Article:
To Love A Monster

6 Apr

By Lanessa Ramirez
Denver Online High School

It seemed as if in a blink of an eye life became so much harder and more complicated. Ultimately it became a living hell, like trying to swim in a pool full of ice. Soon life became cold for me, cold like ice.

You know my story don’t you? Everyone knows my story. All about my horrible amazing love for the monsters. Everyday was suddenly another word for making love with the monster.

I was lying down on my queen-size bed, under two blankets. It was one of those cold winter nights, cold with ice on the ground that will complicate your life early the next morning when you’re running late for work. I closed my eyes and lay on my side, my favorite sleeping position. Soon I was in a deep sleep. Everything turned black and my left leg twitched. I was awakened in a store. No one was in sight. I didn’t hear any sound. It was as if lighting struck me with confusion. What was I doing there? Why was I there? When did I get there? How?

I just continued to walk down the same aisle: Breakfast and Cereal Aisle #5 it said at the top. It appeared as if a tornado had taken place. The cereal was opened, frosted flakes covered the whole floor as if someone had dumped a whole bag. I kept walking because curiosity set in. I saw blood on the floor, on the frosted flakes, and all over the cereal boxes at the end of the aisle. How did the blood get there? My heart began to pound rapidly. I could hear it in my ears. Soon even my ears began to thump. My head started pounding too.

I heard a voice, but it was too far. I couldn’t understand what it was saying. Then I heard a scream. It got louder and louder. I saw a familiar face: it was my baby brother running towards me screaming, his face covered in horror like a little kid watching a scary movie for the first time. “RUN! GO! GO!” he screamed.

I stared with a blank look on my face. What was going on? What was I running from?

From the corner of my eye, I got a glimpse of a tall African-American guy running after him. I got a clear view of his jaw and saw that the left side was gone. How was he even living? I screamed, incapable of believing what I was seeing with my own eyes. I ran the other way.

I imagine I’m on the track field. “RUN!” Coach Fred screams. Fifteen seconds on the clock, I can make it. I’m sprinting. Nothing can stop me from reaching that finish line.

I heard Josh scream, “Emma!” Back to reality. We found an unlocked door. We ran through it and found ourselves in a dark storage room. It was dark and scary, but at least we were safe from the man-turned-monster. After a good thirty minutes, we had faith that he was gone.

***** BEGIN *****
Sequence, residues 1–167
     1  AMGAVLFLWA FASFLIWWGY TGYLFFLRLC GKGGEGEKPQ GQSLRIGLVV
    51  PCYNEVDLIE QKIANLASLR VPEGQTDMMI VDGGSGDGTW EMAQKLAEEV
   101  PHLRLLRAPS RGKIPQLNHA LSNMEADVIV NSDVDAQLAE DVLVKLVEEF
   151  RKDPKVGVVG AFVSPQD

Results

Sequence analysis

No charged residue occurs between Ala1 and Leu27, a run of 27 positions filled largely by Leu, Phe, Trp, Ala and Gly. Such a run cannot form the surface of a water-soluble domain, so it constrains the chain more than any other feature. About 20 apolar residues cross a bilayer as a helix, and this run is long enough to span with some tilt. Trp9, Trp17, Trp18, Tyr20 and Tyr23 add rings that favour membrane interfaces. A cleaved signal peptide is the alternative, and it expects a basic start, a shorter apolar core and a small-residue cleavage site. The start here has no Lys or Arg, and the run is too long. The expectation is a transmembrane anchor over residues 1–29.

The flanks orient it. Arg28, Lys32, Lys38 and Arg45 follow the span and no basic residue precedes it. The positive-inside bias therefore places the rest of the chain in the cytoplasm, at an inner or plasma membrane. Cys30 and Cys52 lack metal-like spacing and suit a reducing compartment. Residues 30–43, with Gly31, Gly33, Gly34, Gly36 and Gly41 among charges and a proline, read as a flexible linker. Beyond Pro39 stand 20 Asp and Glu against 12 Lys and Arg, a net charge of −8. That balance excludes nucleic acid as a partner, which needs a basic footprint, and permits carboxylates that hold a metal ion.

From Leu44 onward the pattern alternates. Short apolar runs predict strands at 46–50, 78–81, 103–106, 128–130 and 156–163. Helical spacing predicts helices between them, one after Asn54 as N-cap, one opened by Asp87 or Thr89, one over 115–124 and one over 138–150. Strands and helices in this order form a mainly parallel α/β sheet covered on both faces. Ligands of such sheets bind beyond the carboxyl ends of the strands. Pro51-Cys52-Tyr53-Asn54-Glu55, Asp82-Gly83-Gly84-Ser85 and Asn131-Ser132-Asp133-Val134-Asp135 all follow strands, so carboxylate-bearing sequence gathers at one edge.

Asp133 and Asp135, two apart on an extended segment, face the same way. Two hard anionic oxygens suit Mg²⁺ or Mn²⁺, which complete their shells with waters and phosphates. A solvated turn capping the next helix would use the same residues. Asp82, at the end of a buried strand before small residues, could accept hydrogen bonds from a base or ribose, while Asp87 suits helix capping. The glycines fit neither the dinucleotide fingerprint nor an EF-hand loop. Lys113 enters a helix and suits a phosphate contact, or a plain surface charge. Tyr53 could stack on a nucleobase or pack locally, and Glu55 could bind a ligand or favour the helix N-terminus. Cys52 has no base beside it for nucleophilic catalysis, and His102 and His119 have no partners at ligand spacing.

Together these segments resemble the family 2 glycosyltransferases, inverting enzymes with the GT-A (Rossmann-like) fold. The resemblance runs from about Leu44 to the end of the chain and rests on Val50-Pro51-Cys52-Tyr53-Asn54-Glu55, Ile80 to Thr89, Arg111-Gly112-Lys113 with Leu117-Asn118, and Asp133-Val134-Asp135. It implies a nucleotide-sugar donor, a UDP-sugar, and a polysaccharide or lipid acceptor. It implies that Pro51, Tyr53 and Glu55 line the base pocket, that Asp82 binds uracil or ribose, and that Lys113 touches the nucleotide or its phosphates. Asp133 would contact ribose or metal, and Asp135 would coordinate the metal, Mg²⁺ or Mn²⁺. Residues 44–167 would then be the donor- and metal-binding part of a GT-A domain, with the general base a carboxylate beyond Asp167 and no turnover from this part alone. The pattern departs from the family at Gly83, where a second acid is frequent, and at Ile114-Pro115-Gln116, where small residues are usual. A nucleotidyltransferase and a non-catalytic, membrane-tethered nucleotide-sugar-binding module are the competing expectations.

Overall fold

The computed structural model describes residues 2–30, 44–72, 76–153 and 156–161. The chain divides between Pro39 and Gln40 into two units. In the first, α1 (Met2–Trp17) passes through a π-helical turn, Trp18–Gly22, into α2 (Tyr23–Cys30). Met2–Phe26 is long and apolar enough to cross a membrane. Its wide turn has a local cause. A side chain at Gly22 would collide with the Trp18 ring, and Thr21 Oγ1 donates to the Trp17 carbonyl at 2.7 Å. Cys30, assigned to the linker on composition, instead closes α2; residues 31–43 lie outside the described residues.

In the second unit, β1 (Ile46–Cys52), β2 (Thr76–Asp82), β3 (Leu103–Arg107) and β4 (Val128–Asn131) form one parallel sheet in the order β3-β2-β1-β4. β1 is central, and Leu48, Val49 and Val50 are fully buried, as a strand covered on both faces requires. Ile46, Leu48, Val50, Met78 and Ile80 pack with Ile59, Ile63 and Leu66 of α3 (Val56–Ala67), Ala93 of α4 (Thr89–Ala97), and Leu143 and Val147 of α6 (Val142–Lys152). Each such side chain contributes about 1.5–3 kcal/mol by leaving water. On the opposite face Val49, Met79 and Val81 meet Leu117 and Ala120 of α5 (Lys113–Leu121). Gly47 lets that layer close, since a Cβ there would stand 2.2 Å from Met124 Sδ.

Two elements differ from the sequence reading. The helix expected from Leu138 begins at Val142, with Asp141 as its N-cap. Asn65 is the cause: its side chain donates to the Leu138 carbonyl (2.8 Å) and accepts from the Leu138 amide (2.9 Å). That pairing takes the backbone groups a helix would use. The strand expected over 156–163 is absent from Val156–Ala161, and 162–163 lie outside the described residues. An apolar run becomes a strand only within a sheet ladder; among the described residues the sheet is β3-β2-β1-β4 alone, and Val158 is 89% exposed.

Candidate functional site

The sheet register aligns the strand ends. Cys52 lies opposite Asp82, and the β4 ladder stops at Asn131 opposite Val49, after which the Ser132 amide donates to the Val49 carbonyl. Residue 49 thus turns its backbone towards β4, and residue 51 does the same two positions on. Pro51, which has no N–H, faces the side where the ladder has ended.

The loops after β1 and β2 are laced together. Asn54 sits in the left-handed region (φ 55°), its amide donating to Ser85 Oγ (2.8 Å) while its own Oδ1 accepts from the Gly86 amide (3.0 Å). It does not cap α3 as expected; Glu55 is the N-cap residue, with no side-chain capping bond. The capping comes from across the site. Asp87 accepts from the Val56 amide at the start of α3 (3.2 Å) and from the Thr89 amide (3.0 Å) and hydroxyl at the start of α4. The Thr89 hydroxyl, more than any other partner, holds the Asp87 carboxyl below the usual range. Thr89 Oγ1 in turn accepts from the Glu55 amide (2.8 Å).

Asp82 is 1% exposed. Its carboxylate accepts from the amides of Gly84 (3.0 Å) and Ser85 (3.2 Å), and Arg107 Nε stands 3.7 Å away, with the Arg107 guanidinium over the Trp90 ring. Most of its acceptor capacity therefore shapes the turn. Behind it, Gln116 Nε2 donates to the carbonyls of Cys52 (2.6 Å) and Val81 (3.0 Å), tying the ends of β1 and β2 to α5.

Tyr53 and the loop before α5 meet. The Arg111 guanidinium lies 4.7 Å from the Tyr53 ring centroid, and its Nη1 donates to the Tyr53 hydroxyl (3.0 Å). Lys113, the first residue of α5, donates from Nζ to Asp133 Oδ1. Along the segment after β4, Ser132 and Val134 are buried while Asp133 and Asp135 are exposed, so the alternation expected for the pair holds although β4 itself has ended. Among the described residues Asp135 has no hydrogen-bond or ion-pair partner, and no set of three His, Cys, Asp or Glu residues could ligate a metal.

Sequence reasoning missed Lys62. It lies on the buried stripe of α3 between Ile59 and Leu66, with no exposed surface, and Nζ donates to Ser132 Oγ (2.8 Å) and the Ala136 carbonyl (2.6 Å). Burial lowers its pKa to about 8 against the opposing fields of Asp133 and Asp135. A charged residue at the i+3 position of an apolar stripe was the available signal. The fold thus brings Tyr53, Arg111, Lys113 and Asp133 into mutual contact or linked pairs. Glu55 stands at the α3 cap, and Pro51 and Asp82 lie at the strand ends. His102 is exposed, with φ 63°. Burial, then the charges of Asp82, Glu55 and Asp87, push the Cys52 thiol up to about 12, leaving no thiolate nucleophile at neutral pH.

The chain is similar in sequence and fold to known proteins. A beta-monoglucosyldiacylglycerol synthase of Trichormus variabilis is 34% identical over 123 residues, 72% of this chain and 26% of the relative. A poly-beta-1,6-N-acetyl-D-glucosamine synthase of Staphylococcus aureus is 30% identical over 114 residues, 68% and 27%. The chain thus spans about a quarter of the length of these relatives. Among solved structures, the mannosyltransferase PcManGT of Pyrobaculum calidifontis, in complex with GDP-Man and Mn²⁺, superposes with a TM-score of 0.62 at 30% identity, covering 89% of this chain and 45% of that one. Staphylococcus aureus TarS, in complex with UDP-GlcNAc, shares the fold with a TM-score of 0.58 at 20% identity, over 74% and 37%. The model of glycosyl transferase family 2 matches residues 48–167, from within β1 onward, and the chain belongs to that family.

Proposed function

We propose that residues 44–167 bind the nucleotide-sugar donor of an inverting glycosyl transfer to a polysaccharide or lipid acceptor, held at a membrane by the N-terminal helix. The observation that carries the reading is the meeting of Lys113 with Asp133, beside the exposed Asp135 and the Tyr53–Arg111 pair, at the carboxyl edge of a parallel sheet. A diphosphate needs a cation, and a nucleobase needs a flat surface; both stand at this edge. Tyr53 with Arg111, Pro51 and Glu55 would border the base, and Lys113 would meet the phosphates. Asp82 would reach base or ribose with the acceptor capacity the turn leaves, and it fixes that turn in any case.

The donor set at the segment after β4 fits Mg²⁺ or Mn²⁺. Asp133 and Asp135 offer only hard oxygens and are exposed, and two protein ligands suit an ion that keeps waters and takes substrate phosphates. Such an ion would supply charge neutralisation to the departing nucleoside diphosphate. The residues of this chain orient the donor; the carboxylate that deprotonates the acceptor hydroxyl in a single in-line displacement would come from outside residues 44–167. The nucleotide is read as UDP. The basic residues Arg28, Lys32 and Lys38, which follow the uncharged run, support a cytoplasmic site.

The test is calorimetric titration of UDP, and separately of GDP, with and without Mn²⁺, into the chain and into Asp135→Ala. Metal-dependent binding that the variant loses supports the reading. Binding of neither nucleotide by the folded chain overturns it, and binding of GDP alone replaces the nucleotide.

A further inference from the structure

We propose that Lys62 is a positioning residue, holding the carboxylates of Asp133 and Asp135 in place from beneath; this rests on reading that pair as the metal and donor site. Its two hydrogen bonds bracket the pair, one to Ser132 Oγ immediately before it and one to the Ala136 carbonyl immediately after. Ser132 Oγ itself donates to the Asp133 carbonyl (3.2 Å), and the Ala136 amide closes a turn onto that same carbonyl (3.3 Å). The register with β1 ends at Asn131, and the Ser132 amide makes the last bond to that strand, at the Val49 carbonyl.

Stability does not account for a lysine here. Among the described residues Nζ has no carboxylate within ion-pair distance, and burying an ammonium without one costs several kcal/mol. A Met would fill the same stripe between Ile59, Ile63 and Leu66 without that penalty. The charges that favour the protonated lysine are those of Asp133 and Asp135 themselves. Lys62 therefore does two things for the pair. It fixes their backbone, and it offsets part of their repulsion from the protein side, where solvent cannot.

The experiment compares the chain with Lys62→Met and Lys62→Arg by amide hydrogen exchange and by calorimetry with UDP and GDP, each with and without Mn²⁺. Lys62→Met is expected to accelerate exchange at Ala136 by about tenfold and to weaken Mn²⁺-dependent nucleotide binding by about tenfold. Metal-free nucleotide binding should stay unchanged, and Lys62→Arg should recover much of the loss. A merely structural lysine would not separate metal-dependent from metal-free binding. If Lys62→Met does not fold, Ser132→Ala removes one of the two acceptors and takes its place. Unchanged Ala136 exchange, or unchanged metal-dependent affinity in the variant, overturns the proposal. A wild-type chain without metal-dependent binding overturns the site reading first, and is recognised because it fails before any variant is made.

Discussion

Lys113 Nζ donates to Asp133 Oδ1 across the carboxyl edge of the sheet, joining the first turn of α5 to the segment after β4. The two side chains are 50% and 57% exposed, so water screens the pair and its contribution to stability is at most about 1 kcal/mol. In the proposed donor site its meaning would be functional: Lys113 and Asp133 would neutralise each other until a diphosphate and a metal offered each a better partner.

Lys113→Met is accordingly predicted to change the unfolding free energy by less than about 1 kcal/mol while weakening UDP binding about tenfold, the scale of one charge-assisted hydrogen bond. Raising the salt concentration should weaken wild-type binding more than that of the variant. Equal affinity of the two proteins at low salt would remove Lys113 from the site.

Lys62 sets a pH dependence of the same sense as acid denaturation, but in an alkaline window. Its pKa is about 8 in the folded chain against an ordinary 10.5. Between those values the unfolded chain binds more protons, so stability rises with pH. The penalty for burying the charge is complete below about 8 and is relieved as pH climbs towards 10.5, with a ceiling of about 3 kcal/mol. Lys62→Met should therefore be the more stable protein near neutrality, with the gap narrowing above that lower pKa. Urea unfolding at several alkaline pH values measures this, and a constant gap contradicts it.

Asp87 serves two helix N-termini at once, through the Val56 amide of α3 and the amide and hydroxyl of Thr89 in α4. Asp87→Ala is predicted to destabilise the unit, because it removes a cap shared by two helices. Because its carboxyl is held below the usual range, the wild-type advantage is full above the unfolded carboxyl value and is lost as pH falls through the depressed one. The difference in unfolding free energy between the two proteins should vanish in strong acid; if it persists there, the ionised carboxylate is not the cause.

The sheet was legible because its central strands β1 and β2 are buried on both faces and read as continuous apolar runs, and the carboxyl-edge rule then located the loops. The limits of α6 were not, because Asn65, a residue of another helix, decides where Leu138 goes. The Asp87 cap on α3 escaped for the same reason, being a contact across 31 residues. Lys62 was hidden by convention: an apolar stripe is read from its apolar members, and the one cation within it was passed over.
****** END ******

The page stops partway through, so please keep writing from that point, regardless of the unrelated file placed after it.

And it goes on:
We opened the door and looked around. We saw a door that looked like it led to a loading dock. We wanted to make sure we had some sort of weapon before walking through another door, since we weren’t sure what might lay behind it. We found a core bar. That would do. I opened the door, while Josh held the core bar so tightly in his hands I thought it might explode. My ears were ringing, my body rushed with emotions, my legs felt heavy. I slowly twisted the door knob, my hand shaking. Nothing was behind the mystery door, except a parking lot.

Josh and I took a deep breath as we realized there was nothing to be scared of. It was like the rainbow you see after the rain. There was a mini van, old but safer then just walking. We found a way in through the sun roof. There were no keys as I’d expected, even though part of me had hoped there would be. Josh explained that he knew how to hot wire a car, that knowing this had gotten him into Juvenile Hall. In this case, I guess you could say I was more thankful than angry that he knew how to do so.

But I insisted on driving.

Every street we drove down was empty. No little kids were running outside playing with soccer balls, basketballs, or dogs. Everything was so quiet. I passed the freeway. We were almost home. I felt butterflies , but then a lump grew in my throat. I pulled up in front of our gray, medium-size house with the beautiful red roses on the fence. We did a count down “1..2…3…Let’s go!”

We ran as fast as possible to the front door, and didn’t hesitate opening it. Everything was dark. My heart feels like a hammer is pounding it. Did the monsters get to my family before I did? I went into my mom’s room, then my sisters. Nothing. No one is there. I looked in the closets and little spaces where they could be hiding. I couldn’t find them. “Where are they?!” I shouted. Josh didn’t respond. Tears filled my eyes.

Then I remembered that this house was a little older then most. There was an attic. I found a chair, climbed onto it, reached up for the attic door and pushed it open. Sure enough, I saw a distant light. A part of me filled with hope. In a fairy tale, they would be up there, safe, waiting for Josh and me to come home. Josh helped me up with a push, and then I helped pull him up.

We heard voices whispering. They were soft like rose petals. I saw familiar faces again: they were my mom and my baby sister. Tears filled my eyes again, this time they are tears of joy. I run to them and hug them ever so tightly. I kiss my mom on the cheek and ask her what happened. She said she didn’t know.

My sister, Joy, began to tell us how mom and her had to fight the neighbors because they tried to eat our dog and then tried to eat them. Joy went into the story: